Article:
Restoring Your Resilience in 2022

energetic women

2021 was a challenge beyond any in recent memory, and 2022 will demand much from each of us. The key to transitioning and responding in healthy, effective ways is through our resilience. Resilience relates to a multi-faceted ability to meet life’s challenges and opportunities with strength, creativity, and flexibility—an ability which can be nurtured and which grows with our attention.

Here are some tips for restoring your resilience in 2022:

Go inward. While many of us still face the challenges of separation and limited social opportunities during the pandemic, we are also presented with an opportunity to relabel our isolation. Consider it solitude; and in solitude, we find our strength. By using our time wisely, limiting TV, streaming, and social media, we can read, learn and meditate our way to better mental health, discovering that we can stay assured and calm even at the most difficult of times.

Focus on small changes. Instead of rewriting our life stories overnight, consider small fixes that can lead to greater returns over time. For example, exercise: start by committing to 10 minutes a day of exercise, gradually increasing it by 5 minutes per day each week until you get to 30 minutes per day. This is much easier than over-committing to a new fitness routine that is too ambitious and doomed to fail. A great journey starts with a single step.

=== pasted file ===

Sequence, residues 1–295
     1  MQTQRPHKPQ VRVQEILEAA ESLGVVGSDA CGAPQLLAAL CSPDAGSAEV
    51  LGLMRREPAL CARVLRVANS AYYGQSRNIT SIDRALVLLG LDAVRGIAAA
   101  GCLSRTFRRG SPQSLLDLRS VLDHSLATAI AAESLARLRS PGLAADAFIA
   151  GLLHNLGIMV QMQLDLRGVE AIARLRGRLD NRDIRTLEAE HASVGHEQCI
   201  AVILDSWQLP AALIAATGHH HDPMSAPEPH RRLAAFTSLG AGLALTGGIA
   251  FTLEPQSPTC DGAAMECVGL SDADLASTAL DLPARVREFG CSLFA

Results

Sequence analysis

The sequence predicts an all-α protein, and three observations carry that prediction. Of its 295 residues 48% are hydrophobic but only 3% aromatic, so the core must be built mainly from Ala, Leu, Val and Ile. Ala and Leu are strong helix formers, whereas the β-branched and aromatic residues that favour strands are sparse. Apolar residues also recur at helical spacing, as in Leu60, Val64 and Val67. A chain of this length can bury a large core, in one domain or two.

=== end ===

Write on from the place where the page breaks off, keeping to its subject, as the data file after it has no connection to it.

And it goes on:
Have a growth mindset. It’s important to remember that humans are uniquely suited to learning and improving. Rather than being fixed in our thinking and accepting that the way we are is the way we will always be, choose to embrace that, at any age, you can improve in many ways: outlook, skills, behaviors, attitude. Consider online classes.

Shift your nutrition. It’s time to clear the junk from the kitchen cupboards and invite better nutrition into your life. Healthy food fuels your well-being. Processed, preserved or otherwise unnatural combinations may be called “food” but are not wholesome. A whole food, plant-based diet is one healthy option; a Mediterranean diet is another. Find an eating style that works for you.

Get your sleep. Sleep is essential for the human body. Most of us operate with too little sleep which can seriously limit our ability to respond with resilience to life’s challenges. Work to adjust your sleep schedule and develop a sleep routine. Choose a dark, cool, quiet room; prepare clean sheets, good pillows. Leave the tech out of the bedroom and disconnect at least an hour before bedtime. Read, relax. Try to get at least 7–9 hours of sleep per night.

Stay connected. Whether it be with friends, family, or peers, make an effort to be in touch. Do it for you and do it for them. Others may be suffering from loneliness and isolation and would welcome your outreach, too. Have a support network and work to expand it.

If you need help, reach out. Sometimes, things get more serious than we can handle by ourselves or with the support of loved ones. Whether it be out-of-control anxiety or depression, these conditions need the attention of medical help. There is nothing wrong and everything right about getting proper care from a trained professional. Don’t wait.

Based on the book RESILIENCE – Written by Frederic Flach, MD

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